I read quite a few books last year as a freshman, but one that really stands out is Perfect by Ellen Hopkins. This book is about two girls named Cara and Kendra who both want to be perfect in some way. One wants the perfect body, and the other wants to be free to make the decisions that she wants. I think all students can relate to a book like this. I would recommend this book, or really any of Ellen Hopkins’ books, because of the drama and intense real-life situations. I love that this book is written in verse, and I finished it in just a few days. There was so much detail, and it kept me interested. If you are looking for a great page-turner about what high school students go through, I suggest reading Perfect.


#8: Beta by Rachel Cohn – review written by Paige

My favorite book that I read last year is Beta by Rachel Cohn. The genre of the book is fantasy, and it’s set in the future. One reason why I liked this book is because it incorporated cyborgs. The main character in this book, Elysia, is the first teen Beta (clone) ever sold on the market. Throughout the whole story, Elysia is basically trying to find out the real her, as well as who had to die in order for her to be created. This book is very captivating and the characters are easily relatable, even though they are not all human. It is definitely a great book to read!

where the stars still shine

#9: Where the Stars Still Shine by Trish Doller – review written by Hoai

Where the Stars Still Shine by Trish Doller was my one of my favorite books to read because it seemed so realistic and it was very touching. What the main character, Callie, had to go through and how she handled things made me feel like I was like living her life with her. Doller knew how to hold my attention, and put me through an emotional roller coaster even though I am just a reader! She captured the actual feelings and thoughts of a modern teen and turned it into this remarkable, unforgettable story. The story made me think: if Callie could go through this and work through it, I can practically work through anything in my way too. I believe it was truly inspirational and teaches teens in modern day not to take advantage and accept everything good around us; to accept what reality really is and work through any obstacle we have to face in life. Where the Stars Still Shine was truly an inspirational book that can never be forgotten with the lessons it has taught me.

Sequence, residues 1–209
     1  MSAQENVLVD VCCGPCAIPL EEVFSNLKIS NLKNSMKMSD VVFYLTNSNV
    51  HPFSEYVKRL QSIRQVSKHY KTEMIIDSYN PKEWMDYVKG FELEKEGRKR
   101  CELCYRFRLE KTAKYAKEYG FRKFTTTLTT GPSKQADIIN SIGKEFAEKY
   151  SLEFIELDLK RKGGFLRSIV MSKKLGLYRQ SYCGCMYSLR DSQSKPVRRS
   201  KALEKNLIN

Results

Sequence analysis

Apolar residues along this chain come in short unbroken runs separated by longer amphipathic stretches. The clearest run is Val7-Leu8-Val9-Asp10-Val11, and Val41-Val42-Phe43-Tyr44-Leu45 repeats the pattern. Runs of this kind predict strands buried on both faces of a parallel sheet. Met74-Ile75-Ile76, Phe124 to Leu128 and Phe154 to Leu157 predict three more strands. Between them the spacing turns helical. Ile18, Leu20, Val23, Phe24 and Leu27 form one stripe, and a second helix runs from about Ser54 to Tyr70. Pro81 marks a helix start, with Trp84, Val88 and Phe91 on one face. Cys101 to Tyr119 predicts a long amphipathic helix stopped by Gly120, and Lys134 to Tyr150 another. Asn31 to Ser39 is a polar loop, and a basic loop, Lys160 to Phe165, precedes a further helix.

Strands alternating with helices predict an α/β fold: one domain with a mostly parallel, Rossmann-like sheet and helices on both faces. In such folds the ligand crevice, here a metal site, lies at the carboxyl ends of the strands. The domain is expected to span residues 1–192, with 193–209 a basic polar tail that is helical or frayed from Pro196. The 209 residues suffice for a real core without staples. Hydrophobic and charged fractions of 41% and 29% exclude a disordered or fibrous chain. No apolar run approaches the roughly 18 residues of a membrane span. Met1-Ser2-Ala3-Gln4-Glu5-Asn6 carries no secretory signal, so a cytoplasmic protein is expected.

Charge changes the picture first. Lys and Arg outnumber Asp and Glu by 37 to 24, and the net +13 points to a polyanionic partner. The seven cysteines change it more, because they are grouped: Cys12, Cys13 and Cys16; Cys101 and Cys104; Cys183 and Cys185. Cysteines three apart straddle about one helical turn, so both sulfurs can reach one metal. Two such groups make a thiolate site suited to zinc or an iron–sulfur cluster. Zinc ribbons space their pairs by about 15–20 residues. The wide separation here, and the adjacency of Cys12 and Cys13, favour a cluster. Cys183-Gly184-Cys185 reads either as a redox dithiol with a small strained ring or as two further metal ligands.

the enemy

#10: The Enemy by Charlie Higson – review written by Mike

I’m not much of a reader, but I love zombies! When I heard from a friend about The Enemy, I just had to try it. At first I was scared of the amount of pages, but I got over that quickly as soon as the action started. The Enemy is about a future time when people older than teens all got a “sickness.” That sickness turned them into zombies, so the only humans left were kids. The whole book is about kids trying to stay safe from the ones that want to eat them, so there is suspense from beginning to end. I loved this book enough that I chose to make my class book trailer about it, and I even recommended it to my older brother. You must read The Enemy!


As you can see above, my students enjoy quite a variety. I have students that stick with one genre all year, and others that try fiction and nonfiction alike. I myself have fallen in love with books that were recommended by my students. Without our book chats and trailers, who knows what type of readers I would have!


NOTE: I’d like to thank my former students for taking time out of their busy schedules to write these reviews. They were kind enough to complete them at the end of the first marking period of the school year, knowing that a grade was not involved. Much appreciated!



Sarah KrajewskiSarah Krajewski is a dedicated 9th grade English teacher at a high school outside of Buffalo, New York.  She has received the New York State English Council’s Program of Excellence award for a poetry unit she developed with another teacher using popular music, as well as NCTE’s Leadership Development Award, all before her fifth year of teaching.  Sarah is in her thirteenth year of teaching, and is always looking for new, creative ways to help her students enjoy learning, reading, and writing. She is anxiously awaiting another trip to the NCTE Annual Convention to expand her literacy knowledge. At school, she is known for her dedication to her students and for being a devoted reader who “knows her books.” At home, she is a proud wife and mother to three avid readers.  You can follow Sarah on Twitter @shkrajewski and her blog can be viewed at